17. But what is that meaning? If we are dead in a few decades and our having existed at all almost certainly entirely forgotten within a generation or two, what is the point, indeed? Even the celebrated are forgotten, unless they are as renowned as Shakespeare and Beethoven. But what is 500 years, even, in the time of the Earth, and much less the stars, than the merest blink, less than a single wingbeat of the sparrow of the Venerable Bede? And does the memory of their name and work mean anything to them now, returned as they are to dust, to atoms?
18. In his classic novel of 1930, Last and First Men, English philosopher and author Olaf Stapledon fictionally surveyed the coming two billion years of human history. In it, humans evolve through 18 different species, of which we are the sadly all-too-primitive First. There is no god nor gods behind the creation of the universe in this account, and the highest aspirations for us as humans are not worship nor ritual, but ever remain the creative arts, literature, music and art, and what he calls “Racial Awakening” the telepathic psychic communion of all living humans (the Internet might perhaps be seen as a very primitive precursor of this). As well as finding meaning through creativity, in personal terms we may find it in love and sex, family and friendship, and charitable acts of altruism. This, it could be noted, is similar to the ending of Monty Python’s The Meaning of Life, in which it is suggested that the meaning is: "Try and be nice to people, avoid eating fat, read a good book every now and then, get some walking in, and try and live together in peace and harmony with people of all creeds and nations."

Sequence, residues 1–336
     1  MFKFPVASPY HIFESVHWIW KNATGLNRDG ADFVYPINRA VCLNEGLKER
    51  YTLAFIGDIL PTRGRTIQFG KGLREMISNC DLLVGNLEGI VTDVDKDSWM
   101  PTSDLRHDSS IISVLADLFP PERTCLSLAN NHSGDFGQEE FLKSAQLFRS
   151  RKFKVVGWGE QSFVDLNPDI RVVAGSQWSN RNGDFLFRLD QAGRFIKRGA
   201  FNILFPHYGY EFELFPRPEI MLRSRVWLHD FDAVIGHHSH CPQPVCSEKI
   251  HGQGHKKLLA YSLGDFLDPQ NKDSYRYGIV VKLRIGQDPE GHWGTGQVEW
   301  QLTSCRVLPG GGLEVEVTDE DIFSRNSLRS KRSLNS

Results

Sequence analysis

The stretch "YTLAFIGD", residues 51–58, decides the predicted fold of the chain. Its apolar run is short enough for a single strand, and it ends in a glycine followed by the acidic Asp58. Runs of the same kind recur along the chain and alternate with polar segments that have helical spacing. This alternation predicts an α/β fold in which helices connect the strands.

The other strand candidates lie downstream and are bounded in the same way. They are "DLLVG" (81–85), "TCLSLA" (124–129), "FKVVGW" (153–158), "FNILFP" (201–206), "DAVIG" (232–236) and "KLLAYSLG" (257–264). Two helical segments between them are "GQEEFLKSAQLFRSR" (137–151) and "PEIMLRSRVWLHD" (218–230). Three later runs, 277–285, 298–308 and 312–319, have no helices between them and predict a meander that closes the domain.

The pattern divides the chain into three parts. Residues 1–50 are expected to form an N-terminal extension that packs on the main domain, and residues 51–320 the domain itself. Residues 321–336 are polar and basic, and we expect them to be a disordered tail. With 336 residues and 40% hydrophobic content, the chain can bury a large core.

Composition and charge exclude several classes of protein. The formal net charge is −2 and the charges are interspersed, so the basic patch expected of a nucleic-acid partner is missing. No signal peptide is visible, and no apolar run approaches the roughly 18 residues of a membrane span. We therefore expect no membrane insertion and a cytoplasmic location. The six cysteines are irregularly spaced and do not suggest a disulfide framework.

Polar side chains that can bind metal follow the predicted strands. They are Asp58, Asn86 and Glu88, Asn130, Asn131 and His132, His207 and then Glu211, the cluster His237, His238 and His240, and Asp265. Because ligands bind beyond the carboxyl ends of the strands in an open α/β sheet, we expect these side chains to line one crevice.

19. At the conclusion of Last And First Men – humanity it seems is doomed when the Sun becomes a Red Giant, and the solar system faces incineration – the ultimate human species, the Eighteenth, possesses the ability to live forever, and is effectively immortal. But, after a long lifespan, typically of some hundreds of thousands of years, nearly all choose to die. Presumably, then, the beautiful and hideous wilds of eternity are still too much even for humans of such evolutionary advancement. And, at the very end, with the solar system and the entire human race doomed, we close the two billion year human story with the simple statement: “It is good to have been Man.”
20. In my beginning is my end - Drive your cart and plough over the bones of the dead – I am here, Or there, or elsewhere. In my beginning.